Worship gatherings are an important part of the holiday as people gather at mosques early in the day to offer prayers together that are specific to the holiday.

“The way we celebrate is by worshipping Allah in a special prayer for that festival alone. We say this prayer, then we listen to a short sermon, which is a reminder of the importance of what we have done and the importance of continuing to do these things. The prayer is universal; every Muslim says the same prayer.”—Mirza Yawar Baig


Commemorating Abraham’s sacrifice is also important. Muslims will do this by arranging for the meat of a ritually prepared lamb, sheep, goat, camel, bull or cow to be divided into three portions: a third to be given to charities or persons in need, a third to be distributed to friends and family members, and a third to be kept and consumed personally, although many Muslims will contribute that portion as well.

“We try to make it solemn as well as a good community experience to commemorate Abraham’s sacrifice. It is celebrated as a day of devotion and commitment. People sacrifice so others less fortunate can be fed. In past years, our community has donated 2,000 pounds of meat to food banks in Kansas City, Wichita and Lawrence. In some regions of the world, families cannot find meat during the year, and the meat they receive at Adha is the only meat they get all year.”—Eyyup E.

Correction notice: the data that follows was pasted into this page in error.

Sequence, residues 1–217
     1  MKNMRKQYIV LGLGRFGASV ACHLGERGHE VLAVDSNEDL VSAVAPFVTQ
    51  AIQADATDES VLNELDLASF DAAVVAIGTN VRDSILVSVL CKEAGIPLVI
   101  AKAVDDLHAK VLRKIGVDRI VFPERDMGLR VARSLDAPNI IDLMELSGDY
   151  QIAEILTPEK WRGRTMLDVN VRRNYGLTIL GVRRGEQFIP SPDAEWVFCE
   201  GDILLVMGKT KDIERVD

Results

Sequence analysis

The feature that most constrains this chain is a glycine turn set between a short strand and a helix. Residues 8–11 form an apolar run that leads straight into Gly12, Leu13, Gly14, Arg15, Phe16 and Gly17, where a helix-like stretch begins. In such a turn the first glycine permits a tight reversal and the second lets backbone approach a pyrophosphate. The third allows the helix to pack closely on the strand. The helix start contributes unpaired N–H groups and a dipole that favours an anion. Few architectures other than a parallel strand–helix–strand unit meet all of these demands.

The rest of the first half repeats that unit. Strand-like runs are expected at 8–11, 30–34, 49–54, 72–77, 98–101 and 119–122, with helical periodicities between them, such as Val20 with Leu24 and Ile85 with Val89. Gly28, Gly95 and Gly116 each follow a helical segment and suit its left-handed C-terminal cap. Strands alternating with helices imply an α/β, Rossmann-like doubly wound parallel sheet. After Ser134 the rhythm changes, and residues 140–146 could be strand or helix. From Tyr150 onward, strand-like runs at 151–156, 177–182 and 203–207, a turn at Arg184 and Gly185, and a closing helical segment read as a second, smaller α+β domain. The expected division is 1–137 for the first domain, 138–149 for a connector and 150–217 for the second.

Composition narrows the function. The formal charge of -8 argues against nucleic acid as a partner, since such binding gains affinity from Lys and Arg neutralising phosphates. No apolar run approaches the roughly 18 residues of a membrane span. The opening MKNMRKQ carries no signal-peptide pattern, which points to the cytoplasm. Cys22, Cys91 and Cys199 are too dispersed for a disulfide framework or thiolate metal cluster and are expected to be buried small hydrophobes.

“The sacrifice is symbolic of Eid al-Adha. The thought behind that is to make sure our gifts to charity get to those in need. For us in cities where you don’t have the facilities for sacrificing, we give money and that’s because our religion is based on intention. If your intention is to give this money toward the sacrifice, then you get noted for the deed even though you didn’t perform it yourself.”—Sam L.


The day is concluded with visits to the homes of family and friends, a tradition similarly observed during Eid al-Fitr. Hosts will prepare recipes not specifically associated with Islam but more food reflective of their own cultures. With an estimated 2 billion Muslims worldwide, that translates to a wide variety of dishes.

“As with any religious holiday, we have food as a prominent part of our celebrations. As a kid in Pakistan, we looked forward to eating. Every culture has traditions and foods associated with holidays.”—Tania M.